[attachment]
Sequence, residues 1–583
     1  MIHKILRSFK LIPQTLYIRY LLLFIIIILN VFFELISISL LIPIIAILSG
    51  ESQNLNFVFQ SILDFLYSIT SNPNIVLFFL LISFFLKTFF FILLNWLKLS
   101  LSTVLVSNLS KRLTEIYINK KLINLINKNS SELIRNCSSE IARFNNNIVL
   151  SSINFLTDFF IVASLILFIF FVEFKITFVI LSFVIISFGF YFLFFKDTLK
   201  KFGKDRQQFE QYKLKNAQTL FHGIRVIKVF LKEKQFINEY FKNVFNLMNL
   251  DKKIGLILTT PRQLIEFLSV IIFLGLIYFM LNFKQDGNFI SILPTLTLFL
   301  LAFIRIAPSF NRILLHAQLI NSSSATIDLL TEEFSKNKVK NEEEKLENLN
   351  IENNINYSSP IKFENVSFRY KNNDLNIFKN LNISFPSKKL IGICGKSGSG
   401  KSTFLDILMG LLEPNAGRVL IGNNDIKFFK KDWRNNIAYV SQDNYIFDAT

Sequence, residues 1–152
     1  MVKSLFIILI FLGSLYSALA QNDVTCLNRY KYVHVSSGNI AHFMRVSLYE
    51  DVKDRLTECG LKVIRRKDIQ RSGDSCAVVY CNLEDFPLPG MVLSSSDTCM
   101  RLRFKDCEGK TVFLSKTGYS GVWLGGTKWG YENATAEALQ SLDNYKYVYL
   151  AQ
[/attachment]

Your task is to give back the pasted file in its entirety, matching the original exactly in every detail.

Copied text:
Sequence, residues 1–583
     1  MIHKILRSFK LIPQTLYIRY LLLFIIIILN VFFELISISL LIPIIAILSG
    51  ESQNLNFVFQ SILDFLYSIT SNPNIVLFFL LISFFLKTFF FILLNWLKLS
   101  LSTVLVSNLS KRLTEIYINK KLINLINKNS SELIRNCSSE IARFNNNIVL
   151  SSINFLTDFF IVASLILFIF FVEFKITFVI LSFVIISFGF YFLFFKDTLK
   201  KFGKDRQQFE QYKLKNAQTL FHGIRVIKVF LKEKQFINEY FKNVFNLMNL
   251  DKKIGLILTT PRQLIEFLSV IIFLGLIYFM LNFKQDGNFI SILPTLTLFL
   301  LAFIRIAPSF NRILLHAQLI NSSSATIDLL TEEFSKNKVK NEEEKLENLN
   351  IENNINYSSP IKFENVSFRY KNNDLNIFKN LNISFPSKKL IGICGKSGSG
   401  KSTFLDILMG LLEPNAGRVL IGNNDIKFFK KDWRNNIAYV SQDNYIFDAT

Sequence, residues 1–152
     1  MVKSLFIILI FLGSLYSALA QNDVTCLNRY KYVHVSSGNI AHFMRVSLYE
    51  DVKDRLTECG LKVIRRKDIQ RSGDSCAVVY CNLEDFPLPG MVLSSSDTCM
   101  RLRFKDCEGK TVFLSKTGYS GVWLGGTKWG YENATAEALQ SLDNYKYVYL
   151  AQ